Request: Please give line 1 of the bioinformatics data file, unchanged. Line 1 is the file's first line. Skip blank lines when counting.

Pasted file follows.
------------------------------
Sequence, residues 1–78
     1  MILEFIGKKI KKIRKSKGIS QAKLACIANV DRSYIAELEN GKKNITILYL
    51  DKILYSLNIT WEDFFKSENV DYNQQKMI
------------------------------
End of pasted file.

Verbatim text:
Sequence, residues 1–78